A Swedish research team has received the green light and the greenbacks to conduct a new study. The team will be looking for a new way to take the waste produced by the biodiesel production process and turn it into useful materials, an article in Chalmers Chemistry and Chemical Engineering News stated.
The concept of green chemistry calls for chemical products and processes that result in fewer or even zero hazardous products. This calls for alternative sources of raw materials and new means of manufacture, both of which must be sustainable in the long run.
The fuel industry is not the only one that has to worry about making the jump to renewable resources. The chemical industry also has to learn to let go of fossil fuels, which have provided the raw materials for many important chemical processes over the decades.
Petroleum-based molecules are the backbone of numerous additives, materials, pharmaceuticals, and consumer products. But as resources grow scarcer and more consumers look for healthier or more environmentally-friendly products, sustainable substitutes for the fossil fuel-derived molecules must be found. (Related: Researchers develop a fuel cell from lignin, a byproduct of paper manufacturing.)
To achieve this, the Swedish Research Council and the Swedish Research Council Formas have given research grants to a team headed by Nina Kann of the Chalmers University of Technology (CUT). The researchers are tasked to come up with sustainable techniques that can produce important commercial chemicals from renewable sources of raw materials.
Kann is a professor at the university’s Department of Chemistry and Chemical Engineering. She and graduate student Anna Said Stalsmeden are the primary members of the Formas project.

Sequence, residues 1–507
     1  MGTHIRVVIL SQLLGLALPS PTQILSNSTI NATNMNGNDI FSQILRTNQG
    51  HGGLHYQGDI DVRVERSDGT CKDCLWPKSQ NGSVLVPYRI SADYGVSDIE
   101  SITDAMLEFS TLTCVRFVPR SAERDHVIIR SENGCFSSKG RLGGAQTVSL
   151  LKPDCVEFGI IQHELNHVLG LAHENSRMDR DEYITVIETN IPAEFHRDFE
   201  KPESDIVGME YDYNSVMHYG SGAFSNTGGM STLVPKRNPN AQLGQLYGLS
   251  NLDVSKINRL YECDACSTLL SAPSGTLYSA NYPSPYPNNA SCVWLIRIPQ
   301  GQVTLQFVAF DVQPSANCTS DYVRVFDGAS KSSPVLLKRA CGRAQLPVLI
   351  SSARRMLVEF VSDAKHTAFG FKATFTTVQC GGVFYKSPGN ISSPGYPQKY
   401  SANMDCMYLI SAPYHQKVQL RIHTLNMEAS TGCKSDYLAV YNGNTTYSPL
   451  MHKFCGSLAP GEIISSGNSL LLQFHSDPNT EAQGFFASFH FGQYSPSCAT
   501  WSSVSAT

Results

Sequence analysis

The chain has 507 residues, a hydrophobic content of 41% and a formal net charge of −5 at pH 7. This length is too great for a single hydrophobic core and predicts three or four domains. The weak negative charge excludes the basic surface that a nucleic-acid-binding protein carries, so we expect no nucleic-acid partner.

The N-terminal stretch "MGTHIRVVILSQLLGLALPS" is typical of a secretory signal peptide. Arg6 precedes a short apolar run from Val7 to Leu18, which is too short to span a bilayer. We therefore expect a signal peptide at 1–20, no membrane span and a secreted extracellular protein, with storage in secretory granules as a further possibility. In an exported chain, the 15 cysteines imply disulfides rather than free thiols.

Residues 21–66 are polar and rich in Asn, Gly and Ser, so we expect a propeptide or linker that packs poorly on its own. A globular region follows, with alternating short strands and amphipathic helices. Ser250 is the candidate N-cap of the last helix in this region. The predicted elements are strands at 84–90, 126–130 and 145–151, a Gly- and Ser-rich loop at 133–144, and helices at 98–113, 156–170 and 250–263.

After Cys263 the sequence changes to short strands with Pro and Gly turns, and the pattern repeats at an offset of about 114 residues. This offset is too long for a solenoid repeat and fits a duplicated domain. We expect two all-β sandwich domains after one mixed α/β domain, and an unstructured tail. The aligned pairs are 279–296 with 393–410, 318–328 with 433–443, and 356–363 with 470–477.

The CUT researchers have set their sights on the waste produced by the biodiesel production process. They believe these discarded byproducts could be used as precursor materials, the most basic ingredients for building more complex chemical compounds.
One such byproduct is glycerol. This is a naturally-occurring liquid that makes up lipids such as fat. Glycerol serves as a humectant, sweetener, and an ingredient in pharmaceuticals.
Furthermore, any process developed by the CUT team must not just be limited to a single byproduct. A method that works on glycerol must also be able to do the same for other biomass-derived molecules.
“As oil and other fossil sources diminish, we cannot expect nature to directly provide us with the molecules or chemicals we need in terms of drugs or bulk chemicals,” Kann said.
For the Formas project, the CUT researchers will work on lignin. A tough and natural material that makes up a significant percentage of wood, lignin is often discarded during production processes for biodiesel, paper, and other wood-derived products.
Lignin also contains aromatic molecules. Kann and Stalsmeden will look for a way to draw out these raw molecules from their source and turn them into more complex molecules that can be used in the pharmaceutical industry.
They intend to use enzymes for the catalytic process and mediate the reactions using iron. If successful, their methods could be used to produce intermediate molecules that the chemical industry mainly processes from petroleum and other fossil fuels.
Kann explained that the conversion process must be very efficient at turning the raw materials into useful products. Furthermore, her team must make sure that their method follows the principles of green chemistry, such as reducing the negative impact on the environment, using minimum amounts of energy, and using sustainable chemicals.
To find out more about methods of converting the byproducts of biodiesel into useful chemical compounds, visit Discoveries.news.